How to Install and Configure KVM on Ubuntu 18.04 LTS Server

15 Responses

  1. Mac says:

    Great article.. straight to the point..

  2. Steve says:

    Helpful – but virt-install wasn’t recognised for me, I had to install virtinst also:
    sudo apt install virtinst
    Also I needed to replace –location with –cdrom and remove the extra-args (even though I was not using a cd rom, otherwise I got a ‘Couldn’t find hvm kernel .. error)

    • Smarty says:

      Its because of wrong ISO! Do not use the cloud based standard version – instead use the alternativ: at the moment:
      ‘http://cdimage.ubuntu.com/releases/18.04.2/release/ubuntu-18.04.2-server-amd64.iso’
      If you get an Error 404 there is a newer version. Check instead
      ‘http://cdimage.ubuntu.com/releases’

  3. Gannet says:

    I think it is better to remove netplan and use networkd to configure network including bridges. But thanks for how to use netplan for creating bridges. Now I know it.

  4. Chitzle says:

    Sorry if this is sill question but why do we configure the br0 with a static IP and not the hardware interface ens33? Does this result in the host and the guest OS using the same IP?

    • Pradeep Kumar says:

      Hi Chitzle,

      If you want your virtual machines to be accessed from outside of KVM host then you need to create a bridge, remove the IP from eth0 or ens33 and assign the same ip to bridge interface.
      Map VMs interface to the bridge either via command line or virt-manager.After that you can assign the IP from the VLAN which is associated to bridge.

  5. MikeP says:

    Everything seemed to work, but I don’t see the new vm assigned its own IP via dhcp as I expected.
    ‘This is my xml dump

    virsh dumpxml Node01

    Node01
    dc38066a-f428-4990-b2d1-cf88c6b346a2
    4194304
    4194304
    2

    /machine

    hvm

    Opteron_G5
    AMD

    destroy
    restart
    destroy

    /usr/bin/kvm-spice

    libvirt-dc38066a-f428-4990-b2d1-cf88c6b346a2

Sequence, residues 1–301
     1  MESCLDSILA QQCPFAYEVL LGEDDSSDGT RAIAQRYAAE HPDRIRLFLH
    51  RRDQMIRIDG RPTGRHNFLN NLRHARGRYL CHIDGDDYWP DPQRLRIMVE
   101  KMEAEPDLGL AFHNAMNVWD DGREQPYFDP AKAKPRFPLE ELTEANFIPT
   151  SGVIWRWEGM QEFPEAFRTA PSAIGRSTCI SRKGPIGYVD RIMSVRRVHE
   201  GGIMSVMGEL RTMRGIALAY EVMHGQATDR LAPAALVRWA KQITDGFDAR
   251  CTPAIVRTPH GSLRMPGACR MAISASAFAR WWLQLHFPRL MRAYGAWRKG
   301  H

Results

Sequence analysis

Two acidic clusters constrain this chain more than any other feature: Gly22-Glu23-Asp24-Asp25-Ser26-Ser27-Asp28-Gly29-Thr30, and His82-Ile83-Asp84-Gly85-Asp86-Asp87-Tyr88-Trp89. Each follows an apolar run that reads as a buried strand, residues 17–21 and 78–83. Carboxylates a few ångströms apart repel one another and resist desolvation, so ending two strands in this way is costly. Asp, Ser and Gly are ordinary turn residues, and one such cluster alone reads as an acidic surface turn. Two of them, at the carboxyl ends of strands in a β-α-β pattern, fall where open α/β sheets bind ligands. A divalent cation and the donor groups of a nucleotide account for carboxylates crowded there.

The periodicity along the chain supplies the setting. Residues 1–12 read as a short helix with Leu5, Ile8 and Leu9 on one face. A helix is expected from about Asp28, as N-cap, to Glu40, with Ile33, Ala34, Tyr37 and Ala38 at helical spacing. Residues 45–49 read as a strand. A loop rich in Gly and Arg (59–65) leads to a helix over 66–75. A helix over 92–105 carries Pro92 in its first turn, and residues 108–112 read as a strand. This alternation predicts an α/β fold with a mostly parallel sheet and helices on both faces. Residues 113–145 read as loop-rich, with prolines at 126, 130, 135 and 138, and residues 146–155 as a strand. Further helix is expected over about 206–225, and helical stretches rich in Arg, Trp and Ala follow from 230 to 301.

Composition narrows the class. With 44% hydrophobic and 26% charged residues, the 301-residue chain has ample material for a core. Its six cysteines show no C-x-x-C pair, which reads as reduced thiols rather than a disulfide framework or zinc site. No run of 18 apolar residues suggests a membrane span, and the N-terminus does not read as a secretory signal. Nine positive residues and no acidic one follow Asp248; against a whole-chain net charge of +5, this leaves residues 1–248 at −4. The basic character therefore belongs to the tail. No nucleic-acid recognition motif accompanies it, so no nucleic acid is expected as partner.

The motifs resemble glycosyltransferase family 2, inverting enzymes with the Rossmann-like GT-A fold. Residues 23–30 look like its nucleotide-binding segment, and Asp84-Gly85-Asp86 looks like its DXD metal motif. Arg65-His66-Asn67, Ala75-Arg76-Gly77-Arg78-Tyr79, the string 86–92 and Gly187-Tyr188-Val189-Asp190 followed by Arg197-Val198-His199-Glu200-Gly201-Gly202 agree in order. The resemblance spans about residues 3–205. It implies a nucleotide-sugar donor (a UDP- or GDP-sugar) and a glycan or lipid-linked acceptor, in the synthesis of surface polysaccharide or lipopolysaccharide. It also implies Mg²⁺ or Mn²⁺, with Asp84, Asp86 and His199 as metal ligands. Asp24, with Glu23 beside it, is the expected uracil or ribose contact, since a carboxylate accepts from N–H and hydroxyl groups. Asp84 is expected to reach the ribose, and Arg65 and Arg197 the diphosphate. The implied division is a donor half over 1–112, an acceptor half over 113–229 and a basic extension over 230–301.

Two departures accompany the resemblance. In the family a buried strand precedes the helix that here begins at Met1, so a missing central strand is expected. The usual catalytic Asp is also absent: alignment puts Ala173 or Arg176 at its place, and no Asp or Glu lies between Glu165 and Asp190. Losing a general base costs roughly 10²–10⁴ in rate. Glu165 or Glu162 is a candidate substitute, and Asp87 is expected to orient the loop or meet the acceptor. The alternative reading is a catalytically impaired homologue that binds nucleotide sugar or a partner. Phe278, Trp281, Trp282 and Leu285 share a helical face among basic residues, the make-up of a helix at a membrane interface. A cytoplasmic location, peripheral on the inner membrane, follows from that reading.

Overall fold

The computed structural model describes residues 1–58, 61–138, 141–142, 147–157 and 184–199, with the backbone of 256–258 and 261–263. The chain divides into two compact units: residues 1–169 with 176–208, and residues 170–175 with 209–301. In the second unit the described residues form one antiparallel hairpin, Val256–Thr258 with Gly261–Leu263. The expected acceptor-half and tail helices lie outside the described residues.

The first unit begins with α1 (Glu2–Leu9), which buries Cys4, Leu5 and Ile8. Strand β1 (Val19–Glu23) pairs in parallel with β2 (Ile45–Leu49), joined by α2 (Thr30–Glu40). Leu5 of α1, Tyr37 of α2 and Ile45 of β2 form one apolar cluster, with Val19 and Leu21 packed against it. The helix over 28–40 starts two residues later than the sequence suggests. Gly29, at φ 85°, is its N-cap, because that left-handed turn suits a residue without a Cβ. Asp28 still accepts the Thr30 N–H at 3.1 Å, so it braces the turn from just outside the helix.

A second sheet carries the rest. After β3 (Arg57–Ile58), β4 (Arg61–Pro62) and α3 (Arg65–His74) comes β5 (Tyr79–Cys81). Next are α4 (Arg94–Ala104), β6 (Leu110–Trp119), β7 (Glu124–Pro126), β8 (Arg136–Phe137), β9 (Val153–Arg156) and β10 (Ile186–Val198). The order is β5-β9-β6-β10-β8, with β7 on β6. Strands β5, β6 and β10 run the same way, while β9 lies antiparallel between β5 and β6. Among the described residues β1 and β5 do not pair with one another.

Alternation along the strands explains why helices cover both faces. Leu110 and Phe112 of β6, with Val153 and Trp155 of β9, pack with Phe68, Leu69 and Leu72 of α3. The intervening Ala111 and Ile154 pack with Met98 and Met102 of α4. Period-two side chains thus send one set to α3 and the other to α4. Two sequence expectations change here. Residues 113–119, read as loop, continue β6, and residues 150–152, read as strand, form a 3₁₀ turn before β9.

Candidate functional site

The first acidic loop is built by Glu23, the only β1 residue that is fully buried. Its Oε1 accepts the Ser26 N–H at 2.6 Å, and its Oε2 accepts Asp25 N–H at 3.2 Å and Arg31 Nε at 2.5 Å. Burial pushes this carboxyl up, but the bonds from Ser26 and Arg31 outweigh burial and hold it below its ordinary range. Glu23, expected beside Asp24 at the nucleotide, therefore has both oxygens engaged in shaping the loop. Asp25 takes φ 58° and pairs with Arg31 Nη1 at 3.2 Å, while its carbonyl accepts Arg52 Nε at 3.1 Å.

libvirt-dc38066a-f428-4990-b2d1-cf88c6b346a2

    +64055:+115
    +64055:+115

  6. MAksym says:

    GUYS,

    ALWAYS use YAML validators BEFORE you make ANY changes in vi /etc/netplan/50-cloud-init.yaml

    Thanks author for article.

  7. Arvind Pal says:

    Very nice article, step by step very helpful, Thanks

  8. Michael Cooper says:

    You must have installed this on a desktop because I cannot get virt-manager to work I get an error that it cannot start because of something with GTK-warning

    [email protected]:~$ sudo virt-manager
    [email protected]:~$ Unable to init server: Could not connect: Connection refused
    Unable to init server: Could not connect: Connection refused
    Unable to init server: Could not connect: Connection refused

    (virt-manager:1875): Gtk-WARNING **: 17:59:02.848: cannot open display:

    Anyone have a luce as to why it’s not starting?

    Thanks,
    Michael

  9. anonym says:

    The following packages have unmet dependencies:
    virt-manager : Depends: python2.7 but it is not going to be installed
    Depends: python:any (>= 2.7.5-5~)
    Depends: python-gi but it is not going to be installed
    Depends: python-gi-cairo but it is not going to be installed
    Depends: python-dbus but it is not going to be installed
    Depends: python-requests but it is not going to be installed
    Depends: python-libvirt (>= 0.7.1) but it is not going to be installed
    Depends: virtinst (>= 1:1.5.1-0ubuntu1) but it is not going to be installed
    E: Unable to correct problems, you have held broken packages.
    And I can not install python2.7 🙁

  10. JV says:

    Step:4 .. are you adding or editing your current file?
    if I add the suggested settings then I lose network connection.
    How does the final full file of 50-cloud-init.yaml look like?

    • Pradeep Kumar says:

      Hi ,

      You should not loose your network connection as we are assigning the same IP of our Lan card to a bridge. In my case i am editing the existing file.

      Make sure you put lines in correct format as it a YAML file.

  11. Askar says:

    To check virtualization support the command should be …
    egrep -c ‘(vmx|svm)’ /proc/cpuinfo

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